In terms of milk and cookies, reliable estimates vary wildly – and no one’s yet managed to ask the man himself… But, say Santa’s snacking on three per household, that’s a whopping 390 million altogether. And, he’s washing it all down with roughly 5 million gallons of milk – all while travelling at the magic 900 miles per second. It’s a wonder he doesn’t spend the entire journey with his head in a sick bucket! The big guy’s still only reaching about 0.5% the speed of light, though. If anything proves just how impossibly fast lightspeed really is, then it’s this!

Forget how fast it’s travelling, though. The sleigh itself is the ultimate vehicle. 400 million kids means 400 million toys, at least. Taking the Furby – one of the most popular kids’ Christmas gifts in the ‘90s – as a typical toy in terms of size, shape and weight, the yearly load weighs about 550 million lbs – which is over a quarter of a million tons. Add to that the weight of the actual sleigh, and of its exceptionally well-fed pilot, and you really start to feel for Donner, Dasher, Blitzen and the rest.

But, before the sleigh is loaded, the toys have to be made. And the numbers behind Santa’s workforce also spectacularly snowball – especially if you have had a mulled wine, or two. Say it takes every elf one day to make one toy, and they work every day except Christmas? To generate enough toys for everyone, Santa needs just over 1 million elves – that’s close to the population of Manhattan.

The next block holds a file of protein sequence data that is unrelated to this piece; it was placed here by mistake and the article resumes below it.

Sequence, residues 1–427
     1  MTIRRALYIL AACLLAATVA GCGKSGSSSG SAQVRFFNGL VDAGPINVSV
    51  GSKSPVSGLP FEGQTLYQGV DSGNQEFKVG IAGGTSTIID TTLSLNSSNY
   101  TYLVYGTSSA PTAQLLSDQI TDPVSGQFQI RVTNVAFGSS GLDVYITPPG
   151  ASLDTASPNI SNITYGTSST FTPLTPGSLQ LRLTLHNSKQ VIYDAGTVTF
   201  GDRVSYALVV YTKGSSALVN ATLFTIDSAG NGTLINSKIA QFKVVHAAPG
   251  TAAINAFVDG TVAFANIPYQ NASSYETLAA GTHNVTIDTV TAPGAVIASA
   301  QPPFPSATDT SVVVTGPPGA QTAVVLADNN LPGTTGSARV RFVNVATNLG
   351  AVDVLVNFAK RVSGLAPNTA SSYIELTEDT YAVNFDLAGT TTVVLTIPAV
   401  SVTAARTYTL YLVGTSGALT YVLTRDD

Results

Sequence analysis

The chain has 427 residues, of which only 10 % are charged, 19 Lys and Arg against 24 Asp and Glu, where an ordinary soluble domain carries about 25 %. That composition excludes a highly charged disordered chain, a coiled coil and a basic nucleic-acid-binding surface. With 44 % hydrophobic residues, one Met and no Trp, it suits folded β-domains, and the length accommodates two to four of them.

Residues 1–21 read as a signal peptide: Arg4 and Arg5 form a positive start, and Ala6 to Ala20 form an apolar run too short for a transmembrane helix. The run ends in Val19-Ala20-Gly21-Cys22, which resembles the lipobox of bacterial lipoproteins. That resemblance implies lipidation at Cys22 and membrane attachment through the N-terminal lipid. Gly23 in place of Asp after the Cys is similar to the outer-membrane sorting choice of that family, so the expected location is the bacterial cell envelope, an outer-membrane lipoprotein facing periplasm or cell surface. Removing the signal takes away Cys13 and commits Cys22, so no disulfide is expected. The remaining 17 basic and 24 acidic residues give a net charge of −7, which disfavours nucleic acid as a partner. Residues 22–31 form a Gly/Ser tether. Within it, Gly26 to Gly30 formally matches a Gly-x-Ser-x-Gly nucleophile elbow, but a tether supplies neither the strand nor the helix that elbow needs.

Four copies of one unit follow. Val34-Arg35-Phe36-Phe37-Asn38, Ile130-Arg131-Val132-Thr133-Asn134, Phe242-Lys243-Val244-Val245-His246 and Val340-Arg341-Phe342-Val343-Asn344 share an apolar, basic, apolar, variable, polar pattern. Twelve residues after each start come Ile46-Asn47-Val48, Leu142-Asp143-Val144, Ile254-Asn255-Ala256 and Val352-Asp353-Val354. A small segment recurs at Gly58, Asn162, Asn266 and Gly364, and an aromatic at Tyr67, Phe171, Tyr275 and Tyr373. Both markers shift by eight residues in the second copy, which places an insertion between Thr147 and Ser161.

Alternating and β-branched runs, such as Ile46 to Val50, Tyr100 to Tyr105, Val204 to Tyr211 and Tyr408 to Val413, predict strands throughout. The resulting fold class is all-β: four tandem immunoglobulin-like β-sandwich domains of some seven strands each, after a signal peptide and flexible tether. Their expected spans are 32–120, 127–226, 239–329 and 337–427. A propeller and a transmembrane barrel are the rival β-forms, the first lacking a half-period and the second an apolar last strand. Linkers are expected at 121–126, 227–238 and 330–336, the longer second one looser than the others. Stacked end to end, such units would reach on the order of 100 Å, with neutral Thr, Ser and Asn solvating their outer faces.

If ‘the nice list’ is especially full, and the average is upped to 10 toys per kid, the task gets even trickier. Say our million-strong staff of enthusiastic elves actually work a standard working week, that’s over 2 billion hours total to make over 4 billion toys. So, it’s half-hour per toy – not including overtime or the very probable possibility that they’re all working weekends.

As for where this workforce lives, it’s anyone’s guess – but it’s massive. With conservative estimates claiming that Santa’s North Pole facility is around 25,000 square miles – including a working factory and enough living space. Perhaps tellingly, people do live in the Arctic regions of Canada, Greenland, Siberia and Scandinavia, but nobody actually lives in the North Pole itself. Scientifically-speaking, that’s because A) it’s made of highly unstable sea ice, and B) because temperatures regularly drop to minus-40 degrees. But, could it be that no one goes there because Saint Nick has a magical monopoly on the winter wonderland? You decide!

What’s the science of Santa Claus? Honestly, it’s all over the place. But, as we all know, Santa’s magic probably doesn’t give two ho ho hoots about our poxy science anyway. Regardless of whatever ultra-advanced technology he’s obviously employing, as long as there are presents to deliver and cookies to devour, he’ll be there. Who are we to argue with his methods?